Teaching Basic Technic
I remember when “natural” foods first became popular. It was the 1970s, when we went “back to nature” with macrobiotic diets and tie-dying. Those were my own “salad” days and actually, I had a lot of fun. Luckily for me, few photos survive…
But I don’t remember the term “natural” being applied to piano technic, at least by my teachers back then. It was lots of “lift the fingers” “hammer the keys” or, perhaps worse, no technical instruction at all. “Who cares about technic?” I recall one instructor saying. “If you get the sound I want, I don’t care how you do it.”
Lots of pianists in my generation have a similar story. And we paid the price for it. In some cases, a dire one: discomfort, pain and career-ending injuries.
Is there such a thing as a “natural” piano technic? I would argue yes. It’s based on the physiological properties of the human body. If you learn even a little bit about healthy functioning, your piano playing technic will be better.
Here’s my definition of technic: the knowledge and ability to produce the sounds you want in a “natural”, pain-free way. If you’re tired of the word “natural”, substitute “innate” or “structural”, or any word you want that will help you find a way for your and your students to use your bodies in the most effective way to play beautifully and without discomfort.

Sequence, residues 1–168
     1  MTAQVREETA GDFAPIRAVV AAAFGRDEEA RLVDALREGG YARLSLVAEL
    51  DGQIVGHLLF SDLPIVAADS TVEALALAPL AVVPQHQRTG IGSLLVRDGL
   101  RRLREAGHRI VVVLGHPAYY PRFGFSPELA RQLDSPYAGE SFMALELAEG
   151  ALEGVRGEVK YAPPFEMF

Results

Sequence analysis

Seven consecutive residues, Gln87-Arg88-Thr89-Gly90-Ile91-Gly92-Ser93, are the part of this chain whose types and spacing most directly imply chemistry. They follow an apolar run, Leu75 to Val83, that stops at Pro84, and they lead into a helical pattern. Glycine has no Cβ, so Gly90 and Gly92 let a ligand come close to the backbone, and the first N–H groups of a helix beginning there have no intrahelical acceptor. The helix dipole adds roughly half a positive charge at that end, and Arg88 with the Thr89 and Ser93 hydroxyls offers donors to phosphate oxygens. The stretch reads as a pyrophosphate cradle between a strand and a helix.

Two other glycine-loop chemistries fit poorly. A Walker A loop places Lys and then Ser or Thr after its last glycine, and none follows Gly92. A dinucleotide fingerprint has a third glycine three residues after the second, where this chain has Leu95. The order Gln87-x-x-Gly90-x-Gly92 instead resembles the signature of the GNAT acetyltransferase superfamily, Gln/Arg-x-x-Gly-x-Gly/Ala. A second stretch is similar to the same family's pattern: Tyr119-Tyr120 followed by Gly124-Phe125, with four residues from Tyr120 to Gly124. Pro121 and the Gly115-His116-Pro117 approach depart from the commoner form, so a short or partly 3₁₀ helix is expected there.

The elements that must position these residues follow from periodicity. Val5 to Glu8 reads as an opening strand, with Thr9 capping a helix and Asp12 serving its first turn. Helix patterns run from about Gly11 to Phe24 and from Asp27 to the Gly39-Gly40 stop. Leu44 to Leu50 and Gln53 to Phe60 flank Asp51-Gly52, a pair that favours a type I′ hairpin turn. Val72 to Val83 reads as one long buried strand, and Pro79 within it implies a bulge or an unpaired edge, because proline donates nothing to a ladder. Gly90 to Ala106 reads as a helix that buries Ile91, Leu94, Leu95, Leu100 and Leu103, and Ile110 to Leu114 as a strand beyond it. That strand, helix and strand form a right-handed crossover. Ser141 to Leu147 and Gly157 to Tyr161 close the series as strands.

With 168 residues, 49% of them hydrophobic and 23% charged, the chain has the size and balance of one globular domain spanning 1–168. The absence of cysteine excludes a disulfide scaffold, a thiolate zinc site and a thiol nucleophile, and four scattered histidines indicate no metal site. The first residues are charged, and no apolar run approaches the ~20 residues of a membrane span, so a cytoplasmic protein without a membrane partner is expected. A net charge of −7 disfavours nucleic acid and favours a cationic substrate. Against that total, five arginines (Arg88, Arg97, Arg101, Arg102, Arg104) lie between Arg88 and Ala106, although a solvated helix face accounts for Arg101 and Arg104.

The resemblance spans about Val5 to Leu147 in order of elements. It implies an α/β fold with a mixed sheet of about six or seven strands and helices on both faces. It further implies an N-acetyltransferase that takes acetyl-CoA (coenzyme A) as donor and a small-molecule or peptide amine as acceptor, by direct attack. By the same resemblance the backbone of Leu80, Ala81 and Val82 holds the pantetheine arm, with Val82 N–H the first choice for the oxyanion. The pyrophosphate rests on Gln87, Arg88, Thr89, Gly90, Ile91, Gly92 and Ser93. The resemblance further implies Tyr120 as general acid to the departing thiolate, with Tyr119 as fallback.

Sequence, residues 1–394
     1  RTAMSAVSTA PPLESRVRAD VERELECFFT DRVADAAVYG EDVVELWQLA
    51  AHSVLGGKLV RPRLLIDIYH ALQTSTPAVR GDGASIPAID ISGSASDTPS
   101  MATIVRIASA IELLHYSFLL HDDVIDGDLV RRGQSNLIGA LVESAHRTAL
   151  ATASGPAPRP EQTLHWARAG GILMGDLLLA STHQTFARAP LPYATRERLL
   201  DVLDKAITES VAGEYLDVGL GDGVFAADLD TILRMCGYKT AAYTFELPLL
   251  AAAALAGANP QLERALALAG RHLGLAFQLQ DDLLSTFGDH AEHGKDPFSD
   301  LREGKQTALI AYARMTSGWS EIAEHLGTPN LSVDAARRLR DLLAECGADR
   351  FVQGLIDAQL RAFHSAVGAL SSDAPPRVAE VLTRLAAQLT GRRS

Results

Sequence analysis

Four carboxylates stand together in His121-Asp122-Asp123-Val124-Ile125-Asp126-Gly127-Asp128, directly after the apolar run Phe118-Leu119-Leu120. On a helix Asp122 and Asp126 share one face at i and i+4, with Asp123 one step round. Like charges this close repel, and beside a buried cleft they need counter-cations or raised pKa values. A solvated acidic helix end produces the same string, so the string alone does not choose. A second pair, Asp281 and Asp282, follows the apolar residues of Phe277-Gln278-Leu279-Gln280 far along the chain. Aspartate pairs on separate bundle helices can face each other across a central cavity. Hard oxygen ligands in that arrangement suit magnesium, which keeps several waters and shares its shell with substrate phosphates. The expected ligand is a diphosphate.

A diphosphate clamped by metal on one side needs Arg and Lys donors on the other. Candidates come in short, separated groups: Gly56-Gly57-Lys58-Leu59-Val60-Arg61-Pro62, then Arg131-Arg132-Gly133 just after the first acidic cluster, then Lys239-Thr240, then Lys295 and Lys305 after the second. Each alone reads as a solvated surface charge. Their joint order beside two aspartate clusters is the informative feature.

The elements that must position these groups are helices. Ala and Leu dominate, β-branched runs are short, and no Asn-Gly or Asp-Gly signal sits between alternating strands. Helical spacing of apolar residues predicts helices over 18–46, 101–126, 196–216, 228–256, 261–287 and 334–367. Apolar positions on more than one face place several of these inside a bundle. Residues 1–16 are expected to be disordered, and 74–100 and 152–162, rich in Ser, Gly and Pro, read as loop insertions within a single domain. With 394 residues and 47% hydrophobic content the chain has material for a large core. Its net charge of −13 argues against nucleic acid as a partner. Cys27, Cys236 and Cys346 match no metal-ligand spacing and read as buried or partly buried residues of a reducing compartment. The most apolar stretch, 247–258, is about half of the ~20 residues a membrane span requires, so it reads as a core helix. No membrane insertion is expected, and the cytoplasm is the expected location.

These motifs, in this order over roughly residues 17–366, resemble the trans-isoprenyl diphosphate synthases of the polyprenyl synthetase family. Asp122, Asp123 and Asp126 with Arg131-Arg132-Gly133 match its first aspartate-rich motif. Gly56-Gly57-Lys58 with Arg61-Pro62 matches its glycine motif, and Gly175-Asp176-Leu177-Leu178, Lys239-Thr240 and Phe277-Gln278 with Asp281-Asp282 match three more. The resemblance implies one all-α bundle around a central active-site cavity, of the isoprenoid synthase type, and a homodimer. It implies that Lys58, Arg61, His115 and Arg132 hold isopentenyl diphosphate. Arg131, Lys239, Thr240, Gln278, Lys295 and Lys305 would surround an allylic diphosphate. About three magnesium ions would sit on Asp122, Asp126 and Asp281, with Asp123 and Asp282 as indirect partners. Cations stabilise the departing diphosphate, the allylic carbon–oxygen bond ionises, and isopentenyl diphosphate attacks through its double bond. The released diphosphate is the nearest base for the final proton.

Over the next few months I will be writing a series of blogs talking about the principles of healthy technique, giving some resources, and acknowledging the pioneers in the field. It will be unavoidable to use some physiological jargon and refer to some fairly creepy looking diagrams. I know some of this information is far away from the core knowledge of many piano teachers. In my view, that’s part of the problem: we all need to know more basics about how the body works.
If reading it hurts, remind yourself that this is an investment in adding beauty to the world.